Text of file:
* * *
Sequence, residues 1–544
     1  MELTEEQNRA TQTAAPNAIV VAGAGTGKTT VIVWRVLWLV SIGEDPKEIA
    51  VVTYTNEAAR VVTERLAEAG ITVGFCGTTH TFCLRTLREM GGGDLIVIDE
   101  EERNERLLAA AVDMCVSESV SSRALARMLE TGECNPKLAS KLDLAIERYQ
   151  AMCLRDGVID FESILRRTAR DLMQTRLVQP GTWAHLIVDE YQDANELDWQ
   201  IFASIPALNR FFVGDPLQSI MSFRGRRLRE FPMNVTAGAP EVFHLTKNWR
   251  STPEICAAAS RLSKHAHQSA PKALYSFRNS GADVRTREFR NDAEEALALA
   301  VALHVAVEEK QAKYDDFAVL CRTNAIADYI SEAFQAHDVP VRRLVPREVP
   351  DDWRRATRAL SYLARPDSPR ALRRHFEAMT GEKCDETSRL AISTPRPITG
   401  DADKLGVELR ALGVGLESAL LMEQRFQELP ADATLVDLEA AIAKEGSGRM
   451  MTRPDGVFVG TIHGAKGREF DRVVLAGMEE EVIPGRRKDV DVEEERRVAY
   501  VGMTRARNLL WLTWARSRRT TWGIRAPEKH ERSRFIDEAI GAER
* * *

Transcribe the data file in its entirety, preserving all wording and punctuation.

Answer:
Sequence, residues 1–544
     1  MELTEEQNRA TQTAAPNAIV VAGAGTGKTT VIVWRVLWLV SIGEDPKEIA
    51  VVTYTNEAAR VVTERLAEAG ITVGFCGTTH TFCLRTLREM GGGDLIVIDE
   101  EERNERLLAA AVDMCVSESV SSRALARMLE TGECNPKLAS KLDLAIERYQ
   151  AMCLRDGVID FESILRRTAR DLMQTRLVQP GTWAHLIVDE YQDANELDWQ
   201  IFASIPALNR FFVGDPLQSI MSFRGRRLRE FPMNVTAGAP EVFHLTKNWR
   251  STPEICAAAS RLSKHAHQSA PKALYSFRNS GADVRTREFR NDAEEALALA
   301  VALHVAVEEK QAKYDDFAVL CRTNAIADYI SEAFQAHDVP VRRLVPREVP
   351  DDWRRATRAL SYLARPDSPR ALRRHFEAMT GEKCDETSRL AISTPRPITG
   401  DADKLGVELR ALGVGLESAL LMEQRFQELP ADATLVDLEA AIAKEGSGRM
   451  MTRPDGVFVG TIHGAKGREF DRVVLAGMEE EVIPGRRKDV DVEEERRVAY
   501  VGMTRARNLL WLTWARSRRT TWGIRAPEKH ERSRFIDEAI GAER